Tropical Storm Eta has frozen. This is what it means for Miami, Florida and Cuba.
Eta floods the streets and neighbourhoods in Miami and South Florida.
Tropical storm Eta arrived in the Keys on Sunday evening and continued to move, but the rain continues to bathe the southern half of Florida. They were leaving behind flooded streets and courtyards.
Tropical Storm Eta was frozen in the Gulf of Mexico on Tuesday morning, close enough to Cuba and South Florida that it could continue to bathe both with heavy rains throughout the day.
According to the National Hurricane Center, Eta was about 60 miles northwest of Cuba’s western tip at 10 a.m. with maximum sustained winds near 60 mph with stronger gusts.
Forecasters said it is expected to start advancing north on Tuesday evening, toward Florida. While further strengthening is possible in the next day or so, Eta is scheduled to begin seeing some weakening on Thursday, according to the Hurricane Center.
Tropical storm Eta is forecast to approach Florida’s Gulf Coast later this week as a tropical storm later this week, possibly with rain, wind and storm surges. Eta’s forecast trail shows it will weaken to a tropical depression by the time it approaches the Florida Panhandle and Alabama this weekend, possibly early Sunday.
The hurricane centre said storm patterns generally agree that Eta will move north for the next two to three days, but they separate from there. Some suggest a northeast route, others go straight north, and some hook northwest towards Mississippi and Louisiana. Forecasters have said a weaker storm will bend to the west and a more vigorous storm to the northeast, although they deem a northeasterly bend “unlikely”.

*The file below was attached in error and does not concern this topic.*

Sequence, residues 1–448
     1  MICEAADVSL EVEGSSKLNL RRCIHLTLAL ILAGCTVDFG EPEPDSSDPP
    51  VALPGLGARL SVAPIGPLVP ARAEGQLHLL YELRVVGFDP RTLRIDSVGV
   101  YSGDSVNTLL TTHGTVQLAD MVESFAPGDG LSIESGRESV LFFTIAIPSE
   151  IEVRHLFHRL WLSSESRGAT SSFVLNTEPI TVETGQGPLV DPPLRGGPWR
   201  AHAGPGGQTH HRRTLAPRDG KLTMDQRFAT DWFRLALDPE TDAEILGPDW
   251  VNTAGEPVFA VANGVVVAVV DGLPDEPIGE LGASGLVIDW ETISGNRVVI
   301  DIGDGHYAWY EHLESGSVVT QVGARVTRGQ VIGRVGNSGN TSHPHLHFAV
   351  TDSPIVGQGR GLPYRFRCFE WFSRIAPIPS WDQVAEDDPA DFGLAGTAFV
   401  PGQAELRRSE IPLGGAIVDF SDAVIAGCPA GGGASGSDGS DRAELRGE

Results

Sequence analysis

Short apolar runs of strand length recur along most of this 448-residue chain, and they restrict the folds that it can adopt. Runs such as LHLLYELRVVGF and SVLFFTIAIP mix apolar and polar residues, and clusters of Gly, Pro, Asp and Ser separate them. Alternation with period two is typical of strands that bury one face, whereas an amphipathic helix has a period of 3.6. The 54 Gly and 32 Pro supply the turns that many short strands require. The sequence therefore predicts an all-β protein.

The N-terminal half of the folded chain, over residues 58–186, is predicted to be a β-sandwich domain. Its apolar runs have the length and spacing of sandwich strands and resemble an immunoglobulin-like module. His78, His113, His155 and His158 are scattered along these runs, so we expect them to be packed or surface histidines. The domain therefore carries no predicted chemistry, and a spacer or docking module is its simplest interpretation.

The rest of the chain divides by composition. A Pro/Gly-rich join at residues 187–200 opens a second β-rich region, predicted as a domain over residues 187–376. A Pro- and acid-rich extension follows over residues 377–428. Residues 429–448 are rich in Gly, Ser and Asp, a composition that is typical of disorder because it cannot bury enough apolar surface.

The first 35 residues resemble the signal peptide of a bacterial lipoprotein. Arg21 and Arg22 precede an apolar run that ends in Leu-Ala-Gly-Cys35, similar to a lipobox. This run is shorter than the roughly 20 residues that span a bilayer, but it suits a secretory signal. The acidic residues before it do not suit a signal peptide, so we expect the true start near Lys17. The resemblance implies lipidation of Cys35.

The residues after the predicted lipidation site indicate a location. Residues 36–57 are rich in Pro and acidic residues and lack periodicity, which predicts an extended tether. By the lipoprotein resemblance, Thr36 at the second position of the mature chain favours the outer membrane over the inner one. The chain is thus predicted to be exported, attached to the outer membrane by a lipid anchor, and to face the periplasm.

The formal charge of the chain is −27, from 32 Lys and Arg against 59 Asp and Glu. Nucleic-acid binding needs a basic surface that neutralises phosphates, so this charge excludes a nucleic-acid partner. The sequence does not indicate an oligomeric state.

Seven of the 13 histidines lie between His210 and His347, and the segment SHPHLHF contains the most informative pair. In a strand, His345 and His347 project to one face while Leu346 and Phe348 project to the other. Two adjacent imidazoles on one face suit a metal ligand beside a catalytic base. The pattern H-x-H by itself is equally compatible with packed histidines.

What forecasters know is that those living on Florida’s Gulf Coast must continue to monitor Eta’s progress. They also know that heavy rains will continue in western Cuba and South Florida, heavy rains will continue at least Tuesday night and that there is a risk of flooding, particularly in areas that are already saturated.
WHAT TYPE OF WEATHER IS ETA CAUSING?
The waves generated by Eta are expected to affect Cuba’s northern coast, the northwestern Bahamas, southern Florida and the Florida Keys around the next day. They are likely to cause life-threatening surf conditions and rips, according to the hurricane centre.
In terms of precipitation, western Cuba should expect to see another three to five inches of new rain on Tuesday. South Florida should expect to see another 1-2 inches of new rain, meteorologists said. The Hurricane Center estimates that isolated areas of Cuba will have seen about 25 centimetres of rain in recent days in connection with Eta. In southern Florida, remote areas have seen 20 inches of rain.
“Sudden and fluvial floods in the western part of Cuba will be possible, together with landslides in the higher ground areas. Further urban lightning and flooding, especially in previously flooded areas, will be possible today and tonight in South Florida,” the forecasters wrote on Tuesday.
Tropical storm winds will also be possible on Tuesday in the Cuban provinces of La Habana, Artemisa, Mayabeque, Pinar del Rio, and the Isle of Youth, all guarded by tropical storms.